I can’t say that I have traveled down the deeper valleys that many of the brothers and sisters who have gone on before me have, but I’ve traveled down my share. Whenever I start to descend into another valley, I can see that there are other footprints heading down before me into the valley. And I’ve noticed that there is always one set of footprints from some really big shoes. Those belong to our Savior.
There is no valley that you go down that He has not gone down before you. There is no pain or suffering you will go through that He has not gone through first. And there is no challenge that He will ask you to face that He will not face it right by your side.
I was fully prepared and resigned to stay for the next month or two in a place that looked like it was going to become a hellhole. Hey, somebody has to do it. It might as well be me.

And then I felt that little nudge to go ask again, and lo and behold, for some reason Security changed their mind and let me on the plane.

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The question has come up about why in the world did I go to Liberia, especially now when this Ebola outbreak has happened.  Would God really send you into such an obviously bad situation like that?  Or is it just a case of well-meaning presumption and maybe you should have had a bit more common sense than that?

I had an special service last night and a special prayer hour this morning about that.  As I sat there in church getting ready to give the message, I wondered why the Lord had sent me to this little church in the outskirts of this little city in this little country, especially at a time like this.  What on earth was I going to accomplish here?  And at such a great price!  Was I crazy? Did I really think something great would come of this?  Had I gambled my life on something stupid?

The scripture passed across my mind from Nehemiah when Sanbalat said, “what will these feeble Jews do?”  they’ll never be able to build this wall, and even if they do, even a fox would be able to break it down.  I remember that there are 9 different attacks from the devil in Nehemiah to stop him from building the wall.  Those are the same tactics he uses on us to stop us from bringing revival.  His first one is that we’re too small and weak to accomplish anything big for God.

Immediately, I up and running.  Wow.  This is just like Nehemiah!  The same thing happened in Acts chapter 10 with Cornelius when God sent Peter, His number one guy to a Roman and a small group of people – a tiny meeting smaller than this one, but that was the meeting that opened up the Dispensation to the Gentiles!  No small meeting in the eyes of God.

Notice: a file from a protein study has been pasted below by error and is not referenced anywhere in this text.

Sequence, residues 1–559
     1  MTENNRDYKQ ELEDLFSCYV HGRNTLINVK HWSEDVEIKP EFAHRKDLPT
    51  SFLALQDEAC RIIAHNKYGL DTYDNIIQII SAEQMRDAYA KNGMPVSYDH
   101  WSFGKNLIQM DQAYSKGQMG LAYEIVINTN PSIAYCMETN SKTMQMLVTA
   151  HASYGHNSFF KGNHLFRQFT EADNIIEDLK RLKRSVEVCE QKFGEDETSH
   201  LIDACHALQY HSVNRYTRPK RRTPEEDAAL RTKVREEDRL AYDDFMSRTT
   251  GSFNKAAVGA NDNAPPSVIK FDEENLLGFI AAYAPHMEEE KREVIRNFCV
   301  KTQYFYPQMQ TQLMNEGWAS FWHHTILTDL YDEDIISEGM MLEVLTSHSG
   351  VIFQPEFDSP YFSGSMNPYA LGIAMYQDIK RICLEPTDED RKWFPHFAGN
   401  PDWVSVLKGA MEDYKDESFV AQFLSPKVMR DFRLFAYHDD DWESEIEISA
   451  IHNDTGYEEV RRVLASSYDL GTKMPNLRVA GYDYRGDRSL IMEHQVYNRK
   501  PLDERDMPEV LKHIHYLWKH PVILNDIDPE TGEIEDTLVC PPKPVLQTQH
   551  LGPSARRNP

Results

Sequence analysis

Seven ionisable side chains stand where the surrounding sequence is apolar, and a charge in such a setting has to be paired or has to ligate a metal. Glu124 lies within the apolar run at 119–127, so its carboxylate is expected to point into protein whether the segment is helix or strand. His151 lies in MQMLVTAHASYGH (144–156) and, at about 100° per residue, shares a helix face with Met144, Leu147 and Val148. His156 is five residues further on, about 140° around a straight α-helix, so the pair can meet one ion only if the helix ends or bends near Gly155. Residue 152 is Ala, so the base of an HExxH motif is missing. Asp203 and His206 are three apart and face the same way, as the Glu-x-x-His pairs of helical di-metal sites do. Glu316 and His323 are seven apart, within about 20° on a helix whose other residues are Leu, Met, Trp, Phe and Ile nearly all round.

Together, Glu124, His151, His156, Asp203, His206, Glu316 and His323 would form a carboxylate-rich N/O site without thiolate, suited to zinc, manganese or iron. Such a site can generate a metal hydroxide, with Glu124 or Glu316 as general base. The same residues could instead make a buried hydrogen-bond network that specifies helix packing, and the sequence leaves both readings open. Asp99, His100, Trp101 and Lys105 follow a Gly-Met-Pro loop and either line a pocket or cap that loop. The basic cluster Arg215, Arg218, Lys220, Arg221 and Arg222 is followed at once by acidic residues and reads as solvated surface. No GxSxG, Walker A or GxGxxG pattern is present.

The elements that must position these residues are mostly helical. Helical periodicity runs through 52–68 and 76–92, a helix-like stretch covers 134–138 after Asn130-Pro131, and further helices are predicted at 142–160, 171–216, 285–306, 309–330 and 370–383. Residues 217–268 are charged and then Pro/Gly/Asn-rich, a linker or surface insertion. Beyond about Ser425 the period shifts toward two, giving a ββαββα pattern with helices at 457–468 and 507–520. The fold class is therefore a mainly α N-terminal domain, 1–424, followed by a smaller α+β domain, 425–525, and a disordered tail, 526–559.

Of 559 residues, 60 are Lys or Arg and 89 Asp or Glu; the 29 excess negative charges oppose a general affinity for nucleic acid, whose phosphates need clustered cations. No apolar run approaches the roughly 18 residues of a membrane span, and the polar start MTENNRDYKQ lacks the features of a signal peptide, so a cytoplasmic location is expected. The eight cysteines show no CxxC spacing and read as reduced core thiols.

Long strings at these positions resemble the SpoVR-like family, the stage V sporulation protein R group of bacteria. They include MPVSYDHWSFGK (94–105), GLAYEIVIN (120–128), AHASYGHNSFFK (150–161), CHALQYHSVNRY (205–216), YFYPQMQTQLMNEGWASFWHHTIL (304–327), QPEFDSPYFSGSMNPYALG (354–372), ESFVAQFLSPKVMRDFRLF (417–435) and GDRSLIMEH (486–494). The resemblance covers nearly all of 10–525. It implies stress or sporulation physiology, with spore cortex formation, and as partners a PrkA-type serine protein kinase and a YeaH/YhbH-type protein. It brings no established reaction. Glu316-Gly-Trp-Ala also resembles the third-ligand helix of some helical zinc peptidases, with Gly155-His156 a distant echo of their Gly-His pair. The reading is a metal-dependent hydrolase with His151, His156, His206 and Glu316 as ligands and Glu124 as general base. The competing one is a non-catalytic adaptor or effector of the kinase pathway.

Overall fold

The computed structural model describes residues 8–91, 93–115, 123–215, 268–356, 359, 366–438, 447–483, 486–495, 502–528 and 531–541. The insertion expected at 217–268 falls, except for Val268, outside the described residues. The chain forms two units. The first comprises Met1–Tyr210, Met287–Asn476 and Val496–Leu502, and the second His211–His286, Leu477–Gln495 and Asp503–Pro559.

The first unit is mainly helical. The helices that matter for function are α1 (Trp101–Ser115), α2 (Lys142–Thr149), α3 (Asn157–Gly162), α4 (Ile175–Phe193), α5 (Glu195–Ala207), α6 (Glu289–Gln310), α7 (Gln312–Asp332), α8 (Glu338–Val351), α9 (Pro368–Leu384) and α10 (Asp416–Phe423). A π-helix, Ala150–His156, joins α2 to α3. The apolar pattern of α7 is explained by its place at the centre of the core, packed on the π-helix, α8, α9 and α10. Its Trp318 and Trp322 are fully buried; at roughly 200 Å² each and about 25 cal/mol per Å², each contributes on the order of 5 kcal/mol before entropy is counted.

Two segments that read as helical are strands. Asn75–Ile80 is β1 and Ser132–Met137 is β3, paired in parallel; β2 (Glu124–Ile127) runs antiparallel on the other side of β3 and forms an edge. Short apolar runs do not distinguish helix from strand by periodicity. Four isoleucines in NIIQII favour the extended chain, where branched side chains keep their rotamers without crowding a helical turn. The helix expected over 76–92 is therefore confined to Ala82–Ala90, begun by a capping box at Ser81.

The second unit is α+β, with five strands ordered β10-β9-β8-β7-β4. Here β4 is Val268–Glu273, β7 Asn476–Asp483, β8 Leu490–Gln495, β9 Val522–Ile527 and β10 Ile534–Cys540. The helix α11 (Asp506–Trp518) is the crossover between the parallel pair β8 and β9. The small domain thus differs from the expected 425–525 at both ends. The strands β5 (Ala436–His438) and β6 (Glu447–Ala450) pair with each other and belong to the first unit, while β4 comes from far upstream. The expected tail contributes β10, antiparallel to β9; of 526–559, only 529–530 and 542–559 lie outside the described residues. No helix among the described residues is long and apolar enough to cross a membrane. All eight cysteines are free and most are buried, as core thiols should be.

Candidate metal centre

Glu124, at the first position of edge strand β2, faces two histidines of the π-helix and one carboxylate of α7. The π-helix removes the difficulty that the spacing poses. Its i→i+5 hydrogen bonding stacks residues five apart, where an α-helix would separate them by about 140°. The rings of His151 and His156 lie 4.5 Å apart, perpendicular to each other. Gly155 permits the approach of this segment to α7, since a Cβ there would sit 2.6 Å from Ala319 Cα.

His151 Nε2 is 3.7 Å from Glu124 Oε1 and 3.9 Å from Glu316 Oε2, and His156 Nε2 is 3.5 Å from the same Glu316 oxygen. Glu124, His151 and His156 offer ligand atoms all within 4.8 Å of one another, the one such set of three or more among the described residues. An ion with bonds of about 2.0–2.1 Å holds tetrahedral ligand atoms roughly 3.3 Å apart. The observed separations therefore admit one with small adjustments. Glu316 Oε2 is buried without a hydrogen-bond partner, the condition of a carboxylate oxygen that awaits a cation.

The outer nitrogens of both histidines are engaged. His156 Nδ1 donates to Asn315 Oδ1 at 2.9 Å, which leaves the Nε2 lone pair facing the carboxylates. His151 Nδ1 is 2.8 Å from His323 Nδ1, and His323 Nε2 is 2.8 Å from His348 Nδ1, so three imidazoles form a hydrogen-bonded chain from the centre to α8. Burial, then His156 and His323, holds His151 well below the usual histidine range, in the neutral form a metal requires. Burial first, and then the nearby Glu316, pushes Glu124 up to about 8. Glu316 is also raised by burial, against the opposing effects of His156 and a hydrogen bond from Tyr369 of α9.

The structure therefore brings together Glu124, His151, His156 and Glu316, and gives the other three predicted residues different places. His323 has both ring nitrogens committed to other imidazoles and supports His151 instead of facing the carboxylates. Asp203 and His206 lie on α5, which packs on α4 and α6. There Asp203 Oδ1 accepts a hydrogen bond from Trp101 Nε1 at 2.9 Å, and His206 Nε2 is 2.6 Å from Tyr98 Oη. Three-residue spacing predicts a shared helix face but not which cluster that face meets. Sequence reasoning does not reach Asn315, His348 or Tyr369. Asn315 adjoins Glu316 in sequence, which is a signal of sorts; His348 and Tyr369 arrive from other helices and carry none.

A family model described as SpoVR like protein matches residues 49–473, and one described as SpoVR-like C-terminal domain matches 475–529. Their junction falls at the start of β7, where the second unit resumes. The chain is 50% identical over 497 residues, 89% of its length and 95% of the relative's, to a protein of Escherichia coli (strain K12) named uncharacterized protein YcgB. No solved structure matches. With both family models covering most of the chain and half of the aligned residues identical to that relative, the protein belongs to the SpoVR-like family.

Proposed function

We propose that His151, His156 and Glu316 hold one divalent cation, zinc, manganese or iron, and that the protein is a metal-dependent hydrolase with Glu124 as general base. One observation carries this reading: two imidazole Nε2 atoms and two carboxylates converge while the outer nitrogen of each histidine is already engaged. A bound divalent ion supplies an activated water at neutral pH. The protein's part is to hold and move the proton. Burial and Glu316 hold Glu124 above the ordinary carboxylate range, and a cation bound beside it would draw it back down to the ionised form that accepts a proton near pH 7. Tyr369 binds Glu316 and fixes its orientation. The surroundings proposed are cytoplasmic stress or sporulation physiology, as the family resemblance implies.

And the same was true of Jonathan.  His father Saul was a picture of the established Church, but had lost his anointing.  He had sent all his men home after his victory and when the enemy saw that, he attacked.  Now his 3,000 men had fled leaving 600 men with no swords to fight with.  It struck me that if 6 is the number that represents man, then this was representative of man’s best effort – 600 against 30,000+ – and man’s best efforts would not work.

But Jonathan was of a different cloth than his father.  “God can save by many or few” he declared and they scrambled up those rocks on their hands and knees.  And they fell before Jonathan.  But get this- killing 20 men was not going to bring a victory over 30,000 warriors.  It wasn’t Jonathan’s efforts that brought revival; it was his faith and trust in God.  And God took the foolish things of the world to confound the mighty and broke the enemy with a great earthquake so that even the Jews who had backslidden returned to chase the Philistines.

You and I knew I was supposed to go, not because we assumed so, but because we prayed and received an answer.  God led us to that, not our presumption.  And now I am here.  This is like David at Pasdammim in 1 Chron. 11:13 and 2Sam. 23:9 when David and two other guys stood in a field of barley against so many Philistines that the entire army of Israel fled.  Did they think they would somehow live through that day?  I doubt it.  But they stood their ground and live or die, they refused to run and stood their ground to fight for the honor of God.  And God wrought a great victory that day.  How?  I have no idea. I just know that is how God operates, and that is what I am doing here.